Forumite
    ruby1966 wrote: »
    My current lenders variable rate is 4.79 at the moment, but it can only go up. I do like my current terms and conditions ie unlimited overpayments and borrowing back when needed, so i have considered sticking with them on the variable rate.

    Do NRAM still honour the "borrow back " facility?

    With a relatively small mortgage switching providers makes little financial gain. As your allowed to make unlimited overpayments best to keep doing this. Better use of the product and redemption fee money.
  • yes, NRAM say mortgage tems and conditions are still the same, providing your circumstances doesnt change.
  • dimbo61dimbo61 Forumite
    13.3K Posts
    Part of the Furniture 10,000 Posts Name Dropper Photogenic
    Forumite
    Ruby do you want the security of a 5 year fix as this is little more than the SVR you are paying now ?
    Can you afford to overpay by £500 each and every month ? which the Nationwide deal allows.
    You could be mortgage free in 5 years and not have to worry about interest rate rises!
    IF you took the Nationwide deal and overpaid you would quickly build up an overpayment fund.
    Its £1150 to move and as kingstreet has pointed out thats 0.5% increase in the mortgage cost.
    So do you think interest rates will rise by 1% in the next five years?
    If you did OP by £500 a month you would need to stop OP,s in year 4 of your fix or face ERC because you would clear the mortgage before the end of the fix!
    Your Decision Good Luck
  • ruby1966ruby1966 Forumite
    4 Posts
    Thanks again for your replies. I have an appointment with the Nationwide on Friday. I just want to check about all the hidden costs first before I commit myself.
  • getmore4lessgetmore4less Forumite
    46.8K Posts
    Part of the Furniture 10,000 Posts Name Dropper I've helped Parliament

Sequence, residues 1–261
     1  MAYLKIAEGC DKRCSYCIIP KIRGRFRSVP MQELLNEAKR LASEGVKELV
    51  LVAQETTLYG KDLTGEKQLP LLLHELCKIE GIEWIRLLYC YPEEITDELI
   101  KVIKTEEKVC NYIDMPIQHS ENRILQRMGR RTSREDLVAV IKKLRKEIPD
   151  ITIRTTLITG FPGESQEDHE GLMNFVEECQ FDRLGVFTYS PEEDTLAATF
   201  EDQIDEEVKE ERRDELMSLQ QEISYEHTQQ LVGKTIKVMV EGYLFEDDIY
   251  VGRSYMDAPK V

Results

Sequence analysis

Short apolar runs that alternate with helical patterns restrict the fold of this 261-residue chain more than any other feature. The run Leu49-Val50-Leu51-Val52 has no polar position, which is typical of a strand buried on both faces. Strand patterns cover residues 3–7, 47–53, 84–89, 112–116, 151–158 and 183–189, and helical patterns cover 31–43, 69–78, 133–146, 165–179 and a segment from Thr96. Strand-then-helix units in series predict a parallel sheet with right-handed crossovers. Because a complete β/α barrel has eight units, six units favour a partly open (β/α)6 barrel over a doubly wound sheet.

Forumite
    kingstreet wrote: »
    £44,000 @ 4.99% fixed for five years over 12 year term is £413 per month.

    £413 x 60 months = £24,780 + £900 = £25,680.

    On Trigold, the best fee-free five year fix for a case similar to yours is;-

    £44,000 @ 4.69% fixed until 30/4/2016 over 12 year term is £400 per month.

    £400 x 60* = £24,000 + £Nil = £24,000.

    £1,680 saving over the five years.
    That is the incorrect way to do comparisons, you have to do like for like

    The lower rate will be saving anyway. but for higher rates/lower fees this method can get the saving/loss wrong.


    To pay this £44k over 5 years at SVR would be £826pm.

    I would do the calculations over 5 years if that is the plan.
    A low rate tracker could look quite attractive if the fees are not too high.


    You seem very clued up on this have you any idea how much the interest rate could go up to make it worth while paying £1250 in fees (If you understand what I mean) Thanks for your help
    kingstreet wrote: »
    £1,250 spread over sixty months is £20.83 per month. On £44k, the interest difference is around 0.5%.

    Not quite right with that one you forgot the interest.

    With rate of 4.79% £23.47, also the 0.5% estimate is way out not sure how you calculated that.

    If your starting point is £44k @ 4.79% over 5 years @ £826pm then to compare with fees of £1250 easiest is assume rates don't move so that fixed rate do you need to break even over 5years

    £45250 over 5 years with a payment of £826 needs a rate of 3.64%

    So the rate needs to be at least 1.15% lower to make up the difference not 0.5%

    The other way is to say you fixed at 4.79% for a £45250 loan that would be £849pm for a £44k loan to cost the same thats would be a rate of 5.94% so rate up by 1.15%.

    Depending on how much different a fix is to the SVR this will change the movement needed to break even so a lower fixed rate will reduce the rate rise a higher fix will increase the rate rise.

    For this kind of term a lower rate(available with trackers) and overpaying can give significant savings if rates don't rise much(<4%).
  • kingstreetkingstreet Forumite
    37.9K Posts
    Part of the Furniture 10,000 Posts Name Dropper Photogenic
    Forumite
    The mortgage is 12 years, not 5.